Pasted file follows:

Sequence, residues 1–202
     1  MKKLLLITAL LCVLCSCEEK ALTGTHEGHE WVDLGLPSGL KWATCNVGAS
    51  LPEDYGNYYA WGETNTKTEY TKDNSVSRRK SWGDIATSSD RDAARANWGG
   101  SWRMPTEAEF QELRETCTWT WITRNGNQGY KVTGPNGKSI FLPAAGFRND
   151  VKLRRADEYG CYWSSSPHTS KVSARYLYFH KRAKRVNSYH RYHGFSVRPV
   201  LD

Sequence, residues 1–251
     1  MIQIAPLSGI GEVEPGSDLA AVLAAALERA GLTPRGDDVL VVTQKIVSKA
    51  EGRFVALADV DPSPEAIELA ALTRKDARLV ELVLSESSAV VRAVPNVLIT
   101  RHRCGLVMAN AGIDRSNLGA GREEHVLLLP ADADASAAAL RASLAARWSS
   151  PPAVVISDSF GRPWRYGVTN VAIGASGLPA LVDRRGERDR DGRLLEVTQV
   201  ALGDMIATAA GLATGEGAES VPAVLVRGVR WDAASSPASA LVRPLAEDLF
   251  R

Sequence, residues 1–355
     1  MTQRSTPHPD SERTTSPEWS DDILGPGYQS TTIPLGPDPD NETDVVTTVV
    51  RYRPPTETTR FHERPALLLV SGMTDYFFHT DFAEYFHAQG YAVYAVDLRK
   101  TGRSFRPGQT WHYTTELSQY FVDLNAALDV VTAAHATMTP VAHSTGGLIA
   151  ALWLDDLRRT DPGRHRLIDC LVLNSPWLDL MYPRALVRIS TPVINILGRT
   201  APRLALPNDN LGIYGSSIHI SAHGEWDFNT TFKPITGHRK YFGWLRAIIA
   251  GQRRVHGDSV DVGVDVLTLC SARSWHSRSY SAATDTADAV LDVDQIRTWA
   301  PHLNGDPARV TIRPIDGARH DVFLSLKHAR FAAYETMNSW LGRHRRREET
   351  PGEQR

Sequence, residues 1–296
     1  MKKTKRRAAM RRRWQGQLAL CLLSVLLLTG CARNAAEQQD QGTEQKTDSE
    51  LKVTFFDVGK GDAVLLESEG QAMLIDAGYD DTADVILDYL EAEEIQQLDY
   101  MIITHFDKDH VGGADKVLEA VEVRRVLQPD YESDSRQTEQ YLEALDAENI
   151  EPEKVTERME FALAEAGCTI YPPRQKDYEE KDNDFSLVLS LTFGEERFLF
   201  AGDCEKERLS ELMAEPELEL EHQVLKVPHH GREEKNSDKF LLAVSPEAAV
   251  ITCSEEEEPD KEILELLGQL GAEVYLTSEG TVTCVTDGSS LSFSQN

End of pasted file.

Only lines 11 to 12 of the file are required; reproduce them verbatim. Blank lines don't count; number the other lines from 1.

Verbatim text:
   151  PPAVVISDSF GRPWRYGVTN VAIGASGLPA LVDRRGERDR DGRLLEVTQV
   201  ALGDMIATAA GLATGEGAES VPAVLVRGVR WDAASSPASA LVRPLAEDLF